Does Running Cause Arthritis?
A Northwestern Medicine Study Finds No Direct Link
Published July 2023
Whether you’re an avid runner, a weekend warrior or recreational runner, you have likely heard that long-term running can put you at a higher risk for arthritis. However, a recent study conducted by Northwestern Medicine found no direct link between running and arthritis in the knee and hip joints.
The study surveyed about 3,800 runners who participated in the 2019 and 2021 Bank of America Chicago Marathons. The average age of participants was around 44, but their ages ranged from 18 to 83. On average, participants said they had been running for about 14 years, averaging 28 miles a week at an average pace of 8 minutes and 52 seconds per mile.
While previous research has focused on elite-level runners, this study included participants who ranged from first-time marathon runners to those with more than 50 marathons under their belt.
“What we found was that the prevalence of arthritis in these running athletes was far less than what we expected,” says Vehniah Tjong, MD, an orthopaedic sports medicine surgeon at Northwestern Medicine and one of the study’s authors. “Based on our study questionnaire, there is no direct link between running history and the risk for arthritis.”
The study also asked participants to report any family history of arthritis, hip or knee pain, surgical history and their running-related history. Researchers asked if participants had been diagnosed with arthritis and if a physician advised them to stop or reduce their running because of their diagnosis.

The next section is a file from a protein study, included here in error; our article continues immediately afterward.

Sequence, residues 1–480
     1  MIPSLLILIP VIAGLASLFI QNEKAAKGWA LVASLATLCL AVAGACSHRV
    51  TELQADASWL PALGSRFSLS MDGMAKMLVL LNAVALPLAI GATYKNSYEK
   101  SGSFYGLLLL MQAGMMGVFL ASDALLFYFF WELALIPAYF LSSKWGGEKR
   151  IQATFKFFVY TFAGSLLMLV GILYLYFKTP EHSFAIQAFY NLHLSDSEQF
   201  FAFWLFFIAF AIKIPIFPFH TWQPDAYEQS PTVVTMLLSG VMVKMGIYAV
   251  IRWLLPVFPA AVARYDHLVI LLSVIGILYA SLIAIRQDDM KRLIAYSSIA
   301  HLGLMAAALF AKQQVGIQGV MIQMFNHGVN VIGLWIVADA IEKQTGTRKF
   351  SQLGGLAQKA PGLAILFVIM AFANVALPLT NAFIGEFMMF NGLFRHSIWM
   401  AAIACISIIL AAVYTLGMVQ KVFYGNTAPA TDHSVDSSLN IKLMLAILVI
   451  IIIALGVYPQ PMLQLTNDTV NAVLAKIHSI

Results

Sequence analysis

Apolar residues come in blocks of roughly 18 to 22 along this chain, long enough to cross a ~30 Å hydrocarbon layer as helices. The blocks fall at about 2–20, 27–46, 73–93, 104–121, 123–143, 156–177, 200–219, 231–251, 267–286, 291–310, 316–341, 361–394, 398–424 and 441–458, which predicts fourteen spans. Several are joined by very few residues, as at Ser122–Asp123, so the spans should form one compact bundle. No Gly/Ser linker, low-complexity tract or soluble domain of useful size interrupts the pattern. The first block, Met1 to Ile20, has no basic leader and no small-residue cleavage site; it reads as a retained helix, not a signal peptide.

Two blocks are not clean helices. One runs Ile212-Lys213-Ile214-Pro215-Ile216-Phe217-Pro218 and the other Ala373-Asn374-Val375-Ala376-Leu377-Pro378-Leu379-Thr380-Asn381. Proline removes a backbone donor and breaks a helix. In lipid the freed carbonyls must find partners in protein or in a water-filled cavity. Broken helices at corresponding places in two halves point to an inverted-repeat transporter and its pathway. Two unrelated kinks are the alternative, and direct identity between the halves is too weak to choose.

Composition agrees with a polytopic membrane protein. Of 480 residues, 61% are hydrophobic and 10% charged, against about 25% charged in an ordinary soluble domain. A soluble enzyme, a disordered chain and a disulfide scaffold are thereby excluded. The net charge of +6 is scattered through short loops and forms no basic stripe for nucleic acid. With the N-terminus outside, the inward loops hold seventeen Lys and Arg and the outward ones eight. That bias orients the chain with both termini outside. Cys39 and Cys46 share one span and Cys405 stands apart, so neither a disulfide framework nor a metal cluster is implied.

- Arthritis is an umbrella term used to describe joint pain or disease.
- There are more than 100 types of arthritis.
- Symptoms include:
- Swelling and tenderness of one or more joints
- Pain in the joints or ankles
- Decreased range of motion
- It usually affects about 25% of people, mainly older adults.
Arthritis Risk Factors
Arthritis affects only 7% of marathon runners. Other factors have a bigger impact on your risk of developing arthritis.
“We know from previous literature that family history, body mass index (BMI), previous surgeries or injuries — even outside the context of running — can predict a likelihood of developing arthritis,” Dr. Tjong says. “We were reassured when our study also confirmed these as risk factors. It matched with the pre-existing literature and had nothing to do with the running history at all.”
This study was presented at the annual American Academy of Orthopaedic Surgeons meeting and challenges the current school of thought that running causes arthritis.
“These results are encouraging because running and cross training can be quite good for you and may not be detrimental to your joints, if you’re doing it the right way,” says Dr. Tjong.